Big River Steel said Friday that it will expand its operations near Osceola with a $1.2 billion investment that will double its hot-rolled steel production and result in the hiring of some 500 new employees.
Salaries for those new jobs, according to the Arkansas Economic Development Commission, will average $75,000 a year.
Big River opened its scrap-recycling and steel production facility south of Osceola in northeast Arkansas just last year, after an investment of about $1.3 billion.
"Big River Steel just keeps on giving," Mayor Dickie Kennemore said by telephone after the announcement. "I tell you, when they first located here, it's like we'd won the economic development lottery. I've been mayor a long time. I went through the downturns of our textile mills closing and, back then, you'd have given anything to get 50 or a hundred jobs."
City sales-tax collections jumped from about $700,000 a year to $1.2 million during construction of Big River's plant and leveled off now at about $900,000, Kennemore said.
A 48-unit apartment building is under construction, Kennemore said. "I'm in real estate, and I've built 18 units myself," he said. "We used to have a housing surplus here. We don't anymore."
The $1.3 billion Big River mill is the largest economic development project in Arkansas history, Gov. Asa Hutchinson noted in a statement Friday morning.
David Stickler, Big River's chief executive officer, said in a joint statement with Hutchinson that the expansion "will further cement Big River Steel's position as a global leader in terms of advanced manufacturing and environmental stewardship."
Big River had 541 employees as of Friday morning, the Arkansas Economic Development Commission said.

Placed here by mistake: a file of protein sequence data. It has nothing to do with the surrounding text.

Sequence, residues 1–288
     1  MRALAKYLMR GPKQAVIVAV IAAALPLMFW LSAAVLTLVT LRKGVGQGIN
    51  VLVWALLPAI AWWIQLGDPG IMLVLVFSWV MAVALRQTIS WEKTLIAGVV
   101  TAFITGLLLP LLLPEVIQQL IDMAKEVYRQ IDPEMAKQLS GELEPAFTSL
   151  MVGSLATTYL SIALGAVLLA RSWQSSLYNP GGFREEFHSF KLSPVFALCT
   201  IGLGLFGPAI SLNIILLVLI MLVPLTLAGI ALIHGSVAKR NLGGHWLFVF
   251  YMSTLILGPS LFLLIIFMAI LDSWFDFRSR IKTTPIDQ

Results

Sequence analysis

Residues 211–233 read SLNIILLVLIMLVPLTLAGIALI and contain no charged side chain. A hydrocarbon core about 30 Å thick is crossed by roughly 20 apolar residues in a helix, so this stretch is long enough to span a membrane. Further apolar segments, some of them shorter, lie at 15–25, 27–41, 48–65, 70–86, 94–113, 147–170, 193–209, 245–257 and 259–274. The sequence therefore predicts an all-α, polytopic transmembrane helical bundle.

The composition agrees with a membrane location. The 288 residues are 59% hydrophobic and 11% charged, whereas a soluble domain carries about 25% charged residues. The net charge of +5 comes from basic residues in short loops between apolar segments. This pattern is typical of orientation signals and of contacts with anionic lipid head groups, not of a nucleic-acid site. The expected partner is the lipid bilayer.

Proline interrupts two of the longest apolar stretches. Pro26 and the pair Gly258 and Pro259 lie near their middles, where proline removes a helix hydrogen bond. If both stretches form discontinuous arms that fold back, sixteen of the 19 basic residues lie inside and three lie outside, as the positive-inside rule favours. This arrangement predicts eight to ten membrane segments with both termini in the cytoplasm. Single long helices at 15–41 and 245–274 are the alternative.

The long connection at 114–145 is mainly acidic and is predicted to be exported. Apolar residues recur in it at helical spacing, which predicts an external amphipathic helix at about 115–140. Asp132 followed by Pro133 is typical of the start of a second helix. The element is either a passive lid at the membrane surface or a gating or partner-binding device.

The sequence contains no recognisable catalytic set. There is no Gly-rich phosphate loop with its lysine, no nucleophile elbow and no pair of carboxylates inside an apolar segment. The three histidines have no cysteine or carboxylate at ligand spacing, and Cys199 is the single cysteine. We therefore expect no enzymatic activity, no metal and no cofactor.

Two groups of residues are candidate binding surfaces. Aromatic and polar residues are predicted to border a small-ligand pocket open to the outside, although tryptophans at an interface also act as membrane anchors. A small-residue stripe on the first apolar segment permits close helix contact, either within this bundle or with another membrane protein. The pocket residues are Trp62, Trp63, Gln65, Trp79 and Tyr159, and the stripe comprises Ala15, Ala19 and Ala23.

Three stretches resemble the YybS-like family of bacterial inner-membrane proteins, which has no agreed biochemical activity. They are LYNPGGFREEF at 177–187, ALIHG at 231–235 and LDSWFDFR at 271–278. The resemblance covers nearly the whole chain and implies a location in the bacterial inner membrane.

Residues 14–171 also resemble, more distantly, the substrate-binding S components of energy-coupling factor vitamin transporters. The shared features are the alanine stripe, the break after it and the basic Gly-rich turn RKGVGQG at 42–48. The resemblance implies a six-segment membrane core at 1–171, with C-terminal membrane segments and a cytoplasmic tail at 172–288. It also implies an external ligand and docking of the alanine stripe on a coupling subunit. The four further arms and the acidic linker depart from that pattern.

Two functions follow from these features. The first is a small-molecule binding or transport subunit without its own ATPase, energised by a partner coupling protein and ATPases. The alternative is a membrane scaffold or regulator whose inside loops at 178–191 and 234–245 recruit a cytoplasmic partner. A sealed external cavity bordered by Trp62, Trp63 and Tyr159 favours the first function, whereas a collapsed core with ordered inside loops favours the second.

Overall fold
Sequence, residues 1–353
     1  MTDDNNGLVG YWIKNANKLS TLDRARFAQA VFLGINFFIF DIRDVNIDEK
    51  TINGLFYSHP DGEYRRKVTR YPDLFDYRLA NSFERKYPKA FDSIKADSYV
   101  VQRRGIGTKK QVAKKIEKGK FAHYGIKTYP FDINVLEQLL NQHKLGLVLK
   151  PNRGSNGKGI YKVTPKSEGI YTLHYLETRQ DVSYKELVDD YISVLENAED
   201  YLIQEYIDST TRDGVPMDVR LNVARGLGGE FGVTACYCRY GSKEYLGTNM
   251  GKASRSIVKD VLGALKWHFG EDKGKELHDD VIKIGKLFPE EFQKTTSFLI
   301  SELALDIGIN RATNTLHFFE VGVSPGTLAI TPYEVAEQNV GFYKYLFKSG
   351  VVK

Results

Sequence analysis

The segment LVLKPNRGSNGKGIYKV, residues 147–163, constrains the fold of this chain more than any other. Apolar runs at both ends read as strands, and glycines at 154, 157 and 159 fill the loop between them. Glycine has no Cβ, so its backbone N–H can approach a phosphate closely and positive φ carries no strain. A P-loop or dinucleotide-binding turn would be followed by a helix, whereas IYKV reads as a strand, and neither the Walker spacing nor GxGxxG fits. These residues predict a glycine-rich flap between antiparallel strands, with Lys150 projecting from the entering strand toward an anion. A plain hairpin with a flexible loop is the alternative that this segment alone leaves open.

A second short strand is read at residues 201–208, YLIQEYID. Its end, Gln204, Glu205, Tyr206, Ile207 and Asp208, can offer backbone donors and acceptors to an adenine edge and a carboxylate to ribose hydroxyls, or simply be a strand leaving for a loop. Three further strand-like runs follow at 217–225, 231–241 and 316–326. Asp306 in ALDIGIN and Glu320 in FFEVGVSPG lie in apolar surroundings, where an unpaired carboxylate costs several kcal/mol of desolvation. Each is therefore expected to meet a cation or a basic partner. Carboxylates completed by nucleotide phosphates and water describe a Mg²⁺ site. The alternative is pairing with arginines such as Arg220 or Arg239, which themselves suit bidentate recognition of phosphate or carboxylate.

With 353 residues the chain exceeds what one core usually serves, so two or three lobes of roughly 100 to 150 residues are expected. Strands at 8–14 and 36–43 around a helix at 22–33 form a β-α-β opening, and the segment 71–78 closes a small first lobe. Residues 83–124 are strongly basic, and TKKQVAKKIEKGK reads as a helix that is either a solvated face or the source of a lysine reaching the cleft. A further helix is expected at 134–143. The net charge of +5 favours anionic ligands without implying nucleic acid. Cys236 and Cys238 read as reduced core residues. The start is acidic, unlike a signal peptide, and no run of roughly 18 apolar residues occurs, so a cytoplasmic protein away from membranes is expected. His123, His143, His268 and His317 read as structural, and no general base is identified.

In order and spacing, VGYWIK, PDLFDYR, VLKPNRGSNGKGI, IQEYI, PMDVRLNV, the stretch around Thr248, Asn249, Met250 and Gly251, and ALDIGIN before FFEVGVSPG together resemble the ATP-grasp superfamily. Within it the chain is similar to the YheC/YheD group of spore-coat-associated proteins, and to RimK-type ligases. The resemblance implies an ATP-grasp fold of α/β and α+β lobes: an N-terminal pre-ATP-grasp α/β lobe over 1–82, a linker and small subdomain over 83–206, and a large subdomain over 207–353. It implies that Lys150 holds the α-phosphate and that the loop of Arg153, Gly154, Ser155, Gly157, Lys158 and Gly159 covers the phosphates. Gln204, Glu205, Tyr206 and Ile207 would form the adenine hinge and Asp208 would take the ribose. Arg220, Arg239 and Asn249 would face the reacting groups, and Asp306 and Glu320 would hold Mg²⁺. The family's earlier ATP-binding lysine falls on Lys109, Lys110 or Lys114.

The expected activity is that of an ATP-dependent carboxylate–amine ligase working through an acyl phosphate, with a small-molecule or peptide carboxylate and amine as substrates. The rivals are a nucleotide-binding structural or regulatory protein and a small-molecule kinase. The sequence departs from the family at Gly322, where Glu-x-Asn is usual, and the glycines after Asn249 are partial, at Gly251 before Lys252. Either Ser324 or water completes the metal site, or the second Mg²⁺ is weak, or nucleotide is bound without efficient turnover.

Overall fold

Big River said construction of the expansion will start this year and take about two years to complete.
It's an expansion Stickler all but predicted in February 2017, just before an official grand opening for the plant.
"Our hope is that some day we double our capacity and add another 250 or so workers with the guaranteed compensation of no less than $75,000 a year," Stickler said in an interview with the Democrat-Gazette.
In Big River's first full month of operation, in January 2017, the company produced 63,000 tons of hot-rolled steel, a record for similar small mills, Stickler said.
The company said it supplies steel products to nearly 200 customers in the automotive, energy, construction and agricultural industries.
Thomas B. Schueck, chairman of Lexicon Inc., a Little Rock construction firm that has worked with Big River and other manufacturers to help the steel industry blossom in a Delta county better known for its production of cotton and soybeans, hailed the news for Arkansas as well as for the industry.
Schueck estimated that $800 million of the $1.2 billion expansion will be for equipment and financing with the remainder spent on construction.
"It will produce a lot of jobs that pay high and a lot of construction workers for two years," Schueck said.